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St. Joseph’s Outbreak Blamed on ‘turf War’ in Alberta

by Himabindu Venkatakrishnan on  July 26, 2007 at 3:07 PM Hospital News   - G J E 4
St. Joseph’s Outbreak Blamed on ‘turf War’ in Alberta
Turf war between the authority and hospital is the reason for poor sterilization and a super-bug outbreak this spring at St. Joseph's Hospital in Vegreville in Canada. This has led the Alberta government take direct responsibility of the East Central Health district.
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The Alberta government plans to take over the control of standards and monitoring at all hospitals and clinics across the province. Premier Ed Stelmach is making the change to take over operating standards from the individual health regions.

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The province's deputy health minister will take over as administrator of the region, aided by a consultancy company, J.L. Saunders and Associates.

St. Joseph's Hospital in Vegreville was closed to new patients for several weeks after an outbreak of methicillin-resistant staphylococcus aureus, or MRSA. In addition, about 3,000 former patients at St. Joseph's and the Lloydminster Women's Clinic were also tested for a number of diseases, including HIV, because of improperly sterilized surgical equipment.

An investigation by the Health Quality Council of Alberta saw dirty tap water used for hospital sterilization. Sterilized equipment left lying around haphazardly and in staff vehicles. Bathrooms were without sinks for hand washing and basic safety procedures routinely ignored in hospitals. Repeated request to improve the situation was made bit it was ignored by the hospital staffs.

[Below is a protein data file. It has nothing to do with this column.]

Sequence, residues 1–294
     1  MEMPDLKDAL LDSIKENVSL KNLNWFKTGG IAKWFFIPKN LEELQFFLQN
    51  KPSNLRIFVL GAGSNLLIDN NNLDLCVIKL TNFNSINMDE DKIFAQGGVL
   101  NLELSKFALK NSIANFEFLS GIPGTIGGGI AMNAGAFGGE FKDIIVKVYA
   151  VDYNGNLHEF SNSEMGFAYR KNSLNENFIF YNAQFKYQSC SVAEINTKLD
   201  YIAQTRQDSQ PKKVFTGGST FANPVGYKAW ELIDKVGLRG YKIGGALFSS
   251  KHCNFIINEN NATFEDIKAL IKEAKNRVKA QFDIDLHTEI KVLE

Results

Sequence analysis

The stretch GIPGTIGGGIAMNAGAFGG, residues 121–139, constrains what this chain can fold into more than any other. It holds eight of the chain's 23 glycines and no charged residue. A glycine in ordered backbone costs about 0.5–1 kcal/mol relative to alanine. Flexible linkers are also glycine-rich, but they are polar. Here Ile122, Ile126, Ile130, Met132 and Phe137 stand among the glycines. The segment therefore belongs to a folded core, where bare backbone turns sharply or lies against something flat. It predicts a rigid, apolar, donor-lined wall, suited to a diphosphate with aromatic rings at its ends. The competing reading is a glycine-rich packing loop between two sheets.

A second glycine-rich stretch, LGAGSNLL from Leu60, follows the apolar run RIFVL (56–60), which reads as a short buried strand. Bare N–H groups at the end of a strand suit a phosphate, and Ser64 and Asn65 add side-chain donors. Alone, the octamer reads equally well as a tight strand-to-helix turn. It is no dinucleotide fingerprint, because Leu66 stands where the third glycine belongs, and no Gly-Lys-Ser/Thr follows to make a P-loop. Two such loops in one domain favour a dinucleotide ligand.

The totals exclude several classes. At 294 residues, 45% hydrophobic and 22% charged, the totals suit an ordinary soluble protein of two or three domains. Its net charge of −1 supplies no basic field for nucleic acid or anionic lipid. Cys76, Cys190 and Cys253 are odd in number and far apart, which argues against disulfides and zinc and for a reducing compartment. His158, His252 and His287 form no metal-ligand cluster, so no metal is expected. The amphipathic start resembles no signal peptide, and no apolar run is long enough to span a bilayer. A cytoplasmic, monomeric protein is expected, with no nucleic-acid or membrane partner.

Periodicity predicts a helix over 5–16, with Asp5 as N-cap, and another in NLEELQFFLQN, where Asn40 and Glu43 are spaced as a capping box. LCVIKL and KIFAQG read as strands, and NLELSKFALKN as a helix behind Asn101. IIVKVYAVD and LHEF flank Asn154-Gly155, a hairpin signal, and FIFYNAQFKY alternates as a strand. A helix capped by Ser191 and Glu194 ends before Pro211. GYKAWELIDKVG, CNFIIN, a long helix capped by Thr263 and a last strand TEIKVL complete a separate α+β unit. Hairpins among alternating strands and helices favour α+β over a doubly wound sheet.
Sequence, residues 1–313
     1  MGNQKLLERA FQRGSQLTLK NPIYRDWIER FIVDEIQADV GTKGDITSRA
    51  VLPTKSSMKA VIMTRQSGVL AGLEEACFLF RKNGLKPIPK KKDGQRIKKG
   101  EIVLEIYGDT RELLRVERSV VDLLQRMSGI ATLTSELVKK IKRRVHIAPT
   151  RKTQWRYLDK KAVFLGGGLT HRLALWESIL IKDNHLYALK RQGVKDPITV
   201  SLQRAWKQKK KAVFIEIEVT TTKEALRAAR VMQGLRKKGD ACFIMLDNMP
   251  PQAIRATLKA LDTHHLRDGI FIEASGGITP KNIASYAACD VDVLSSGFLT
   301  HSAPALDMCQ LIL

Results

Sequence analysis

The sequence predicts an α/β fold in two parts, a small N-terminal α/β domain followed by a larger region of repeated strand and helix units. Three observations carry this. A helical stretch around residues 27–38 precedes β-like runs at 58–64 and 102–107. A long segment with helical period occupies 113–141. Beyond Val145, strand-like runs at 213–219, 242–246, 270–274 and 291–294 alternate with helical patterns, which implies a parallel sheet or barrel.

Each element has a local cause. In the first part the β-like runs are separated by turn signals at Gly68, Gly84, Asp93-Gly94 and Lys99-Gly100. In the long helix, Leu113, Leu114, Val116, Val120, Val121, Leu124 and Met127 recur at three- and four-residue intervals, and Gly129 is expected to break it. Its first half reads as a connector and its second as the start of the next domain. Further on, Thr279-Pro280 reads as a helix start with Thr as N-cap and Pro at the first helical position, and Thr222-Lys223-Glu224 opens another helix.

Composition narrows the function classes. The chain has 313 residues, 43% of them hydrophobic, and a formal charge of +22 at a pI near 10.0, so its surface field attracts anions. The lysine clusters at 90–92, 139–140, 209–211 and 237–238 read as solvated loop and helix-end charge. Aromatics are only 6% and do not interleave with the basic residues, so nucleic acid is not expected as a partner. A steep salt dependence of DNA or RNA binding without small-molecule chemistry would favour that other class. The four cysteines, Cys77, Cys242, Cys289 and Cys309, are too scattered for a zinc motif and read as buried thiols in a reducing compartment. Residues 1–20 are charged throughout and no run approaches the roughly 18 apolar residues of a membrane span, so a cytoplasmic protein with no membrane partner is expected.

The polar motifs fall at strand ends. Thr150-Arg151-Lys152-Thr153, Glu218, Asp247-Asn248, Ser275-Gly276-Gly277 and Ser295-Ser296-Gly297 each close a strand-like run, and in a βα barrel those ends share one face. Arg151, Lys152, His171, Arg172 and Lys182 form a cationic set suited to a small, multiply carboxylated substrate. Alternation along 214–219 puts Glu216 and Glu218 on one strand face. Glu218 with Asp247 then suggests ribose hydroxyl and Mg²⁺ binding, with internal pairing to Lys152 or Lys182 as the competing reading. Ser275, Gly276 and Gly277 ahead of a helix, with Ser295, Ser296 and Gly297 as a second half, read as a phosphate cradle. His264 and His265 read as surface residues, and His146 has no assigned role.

In a "culture of frugality" the facility did not even have the proper equipment to sterilize laboratory gear, and ignored requests from the authority because of a turf war caused by fuzzy provincial legislation. In fact, procedures were so lacking throughout the health region, a walkthrough by a provincial expert of its facilities following the closure immediately identified more than 60 major deficiencies in infection control procedures, including such obvious concerns as corrugated cardboard waste being left in the sterilization area and both staff and patients not properly washing their hands.

The report's main recommendation is a review of the provincial legislation to ensure one entity has final authority over hospital health and safety issue.

The report also recommends that the government "define and create a culture of safety" among staff, managers and administrators.

The investigation report made the government take immediate action. The entire board of the East Central Health Authority handed in their resignation.

Health Minister Dave Hancock named two official administrators to oversee the health region's operations, replacing the board. "This is a necessary decision," said Hancock. "The relationship between East Central Health and St. Joseph's General Hospital has proven to be unworkable and so, in the best interest of patient safety and quality assurance, I have appointed two official administrators to be responsible for every aspect of health care delivery in the region. I want to thank the board members for their ongoing commitment, passion and determination to do what's best for their community, but it would be unfair, at this point, to ask them to find a solution to this untenable situation."

The board of management of St. Joseph's General Hospital, appointed by the minister in March, will continue to oversee daily operations at that facility.

Source: Medindia
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